Want your own Grand Design? It’s now easier, so let’s get designing

Posted 21 April 2016 by Kate Faulkner

We’ve all watched things unravel dramatically on TV’s Grand Designs, as self-builders encounter huge problems which send them way over budget. But it doesn’t have to be like that, as more people are discovering when they take on their own self-build projects.

Don’t forget that the builds shown on television are selected because they are typically unusual or extreme. You rarely see smooth-running success stories on TV because they don’t make very interesting viewing!

One of the first things to know is there are now several variants on the self-build theme, and most of them don’t involve you getting your hands dirty at all. Your level of involvement is up to you.  Whatever method you choose, you’ll get the opportunity to design or customise the build to suit your needs, and you can enjoy a more affordable route to the home of your dreams. And, whichever route you take, you’ll find lots of help available along the way.

Even the government is actively encouraging you to self-build at the moment, councils are releasing land for building, and there are special self-build mortgages available, which mean you can stay in your current home until your new one is ready, and won’t have to live in a caravan on a muddy building site, so things are definitely easier than they were.  

Here are the two main ways you can achieve the home of your dreams:  

Self-build

The traditional way to self-build is to buy a plot of land, then pay someone to build you a house. You can find land by talking to your local council, your local auction house and searching online. Make sure it has at least outline planning permission as you are unlikely to get it later. Even if it has full planning permission, you may still need to resubmit the application as it’s unlikely to be a perfect match for the home you want.

Choose your plot carefully - check out the pros and cons of a few different ones, look at the size and the ease of access as well as any gradients that could prove difficult to build on or add to costs. Ideally employ a specialist land RICs surveyor and look out for potential problems such as flooding and subsidence.

Just as crucial is your choice of tradespeople. Avoid the cheapest, those who can start immediately (good builders are always busy) and anyone who offers a discount for cash, this means they are unlikely to be paying tax, so if you use them, you won’t have the receipts you need to claim any money back in case they do a bad job. Ideally look for a builder who is a member of the Federation of Master Builders, as they have strict membership criteria and offer a dispute resolution service and always use individual trades people that belong to a member organisation as they often have warranties that protect the work they do for you.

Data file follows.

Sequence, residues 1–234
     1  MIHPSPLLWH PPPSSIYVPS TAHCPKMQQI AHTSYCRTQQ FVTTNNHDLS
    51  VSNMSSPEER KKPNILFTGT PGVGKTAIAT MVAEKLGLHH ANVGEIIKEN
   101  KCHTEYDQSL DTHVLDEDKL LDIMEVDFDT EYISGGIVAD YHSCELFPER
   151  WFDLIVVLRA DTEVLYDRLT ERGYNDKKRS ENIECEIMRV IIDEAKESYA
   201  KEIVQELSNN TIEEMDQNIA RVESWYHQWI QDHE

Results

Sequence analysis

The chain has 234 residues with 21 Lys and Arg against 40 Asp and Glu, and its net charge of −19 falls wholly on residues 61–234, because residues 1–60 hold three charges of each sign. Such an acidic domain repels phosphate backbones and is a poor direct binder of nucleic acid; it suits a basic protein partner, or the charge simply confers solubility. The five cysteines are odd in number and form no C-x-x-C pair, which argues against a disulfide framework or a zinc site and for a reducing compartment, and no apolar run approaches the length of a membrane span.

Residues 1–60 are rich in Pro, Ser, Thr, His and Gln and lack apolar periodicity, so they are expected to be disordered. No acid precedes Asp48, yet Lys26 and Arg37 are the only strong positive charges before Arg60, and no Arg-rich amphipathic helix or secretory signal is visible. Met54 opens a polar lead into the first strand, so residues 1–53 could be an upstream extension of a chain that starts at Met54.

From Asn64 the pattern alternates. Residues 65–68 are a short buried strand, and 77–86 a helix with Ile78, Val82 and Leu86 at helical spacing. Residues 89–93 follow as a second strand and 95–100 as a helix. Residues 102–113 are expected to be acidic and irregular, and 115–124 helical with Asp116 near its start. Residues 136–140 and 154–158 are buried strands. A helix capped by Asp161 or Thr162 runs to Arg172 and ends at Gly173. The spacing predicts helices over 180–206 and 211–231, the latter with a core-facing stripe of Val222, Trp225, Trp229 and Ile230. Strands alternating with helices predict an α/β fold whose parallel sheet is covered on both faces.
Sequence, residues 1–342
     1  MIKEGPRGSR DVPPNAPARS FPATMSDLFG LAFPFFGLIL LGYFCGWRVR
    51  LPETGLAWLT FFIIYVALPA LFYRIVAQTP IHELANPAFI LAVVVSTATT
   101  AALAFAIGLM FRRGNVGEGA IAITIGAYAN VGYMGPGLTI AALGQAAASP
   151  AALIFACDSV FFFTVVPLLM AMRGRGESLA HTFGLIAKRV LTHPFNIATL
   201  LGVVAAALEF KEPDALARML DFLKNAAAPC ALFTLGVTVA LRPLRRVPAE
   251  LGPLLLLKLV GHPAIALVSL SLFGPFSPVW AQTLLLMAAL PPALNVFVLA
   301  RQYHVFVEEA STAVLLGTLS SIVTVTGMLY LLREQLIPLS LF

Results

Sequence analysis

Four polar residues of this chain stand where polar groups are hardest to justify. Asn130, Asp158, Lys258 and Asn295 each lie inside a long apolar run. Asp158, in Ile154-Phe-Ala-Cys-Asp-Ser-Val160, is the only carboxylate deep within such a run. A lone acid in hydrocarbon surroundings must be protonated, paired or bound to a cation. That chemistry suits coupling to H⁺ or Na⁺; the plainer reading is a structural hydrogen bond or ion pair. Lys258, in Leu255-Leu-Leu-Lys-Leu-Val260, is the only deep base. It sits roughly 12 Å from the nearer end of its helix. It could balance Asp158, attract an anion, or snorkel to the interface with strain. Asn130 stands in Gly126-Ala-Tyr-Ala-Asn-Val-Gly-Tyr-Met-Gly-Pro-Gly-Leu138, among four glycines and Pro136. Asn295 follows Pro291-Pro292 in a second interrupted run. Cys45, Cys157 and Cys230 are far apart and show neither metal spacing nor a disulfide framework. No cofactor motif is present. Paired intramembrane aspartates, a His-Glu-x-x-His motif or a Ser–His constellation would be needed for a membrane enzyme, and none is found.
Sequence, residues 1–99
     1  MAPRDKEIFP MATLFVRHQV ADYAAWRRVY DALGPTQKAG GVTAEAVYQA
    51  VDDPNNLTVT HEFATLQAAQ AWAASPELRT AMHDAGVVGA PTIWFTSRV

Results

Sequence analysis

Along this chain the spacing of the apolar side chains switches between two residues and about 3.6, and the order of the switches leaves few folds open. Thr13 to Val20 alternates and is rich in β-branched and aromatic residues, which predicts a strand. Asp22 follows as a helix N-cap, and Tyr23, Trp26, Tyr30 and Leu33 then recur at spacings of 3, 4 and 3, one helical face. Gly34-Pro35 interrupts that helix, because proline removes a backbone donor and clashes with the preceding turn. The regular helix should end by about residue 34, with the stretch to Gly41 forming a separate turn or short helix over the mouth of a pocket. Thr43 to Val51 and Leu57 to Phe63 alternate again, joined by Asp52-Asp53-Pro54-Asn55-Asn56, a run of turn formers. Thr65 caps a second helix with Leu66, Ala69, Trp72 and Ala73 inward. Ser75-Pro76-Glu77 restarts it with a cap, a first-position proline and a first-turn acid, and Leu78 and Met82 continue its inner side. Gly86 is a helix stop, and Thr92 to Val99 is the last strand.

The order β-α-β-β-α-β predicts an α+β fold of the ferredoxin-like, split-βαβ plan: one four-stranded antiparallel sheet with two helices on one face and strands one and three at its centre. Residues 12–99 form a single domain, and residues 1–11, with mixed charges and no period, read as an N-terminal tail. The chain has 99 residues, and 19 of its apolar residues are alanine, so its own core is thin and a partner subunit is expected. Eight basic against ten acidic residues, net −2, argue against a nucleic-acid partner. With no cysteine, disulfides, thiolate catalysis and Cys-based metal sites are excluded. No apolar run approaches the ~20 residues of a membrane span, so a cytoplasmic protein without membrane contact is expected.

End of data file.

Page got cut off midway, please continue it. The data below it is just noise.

If it’s a ‘standard’ build, you can expect a third of your budget to go on the land, a third on materials and a third on labour – the total should be less than you’d pay for a similar finished property but a RICS surveyor will help you identify its likely end value.  One useful tip for helping you to stay in budget is to assume the highest build costs and lowest sales value will apply.

Custom build

The new - and easier - way to get the house you’ve always wanted is through custom build. This sees you work with a developer to create your bespoke home. Several developers are now offering this option on selected plots, as long as you get in early. Choose from selected designs and finishes, alter internal layouts… your level of involvement is entirely up to you. You can ask them simply to build the shell - to “wind and watertight” level - so that you can finish it off yourself, or get them to complete it to your specification.

It’s less scary because the developer will be responsible for sticking to your budget and timescale. You are unlikely to be chosen to appear on Grand Designs, but that’s a small price to pay for a less stressful build!

The government wants custom build and self-build to become much more mainstream, as it is abroad, so it’s encouraging councils to release brownfield sites and grant planning permission for building on them and trying to get private developers to put land aside too. By 2020, it wants councils to have allocated enough land for 20,000 new custom and self-built homes. The demand is certainly there; by early March more than 25,000 people had registered for custom build.

So don’t miss out, building your home is much easier than you think, especially outside of the south, so do consider it if you want a dream home you designed yourself and visit www.propertychecklists.co.uk to find out more about how you could create your own home. 

 

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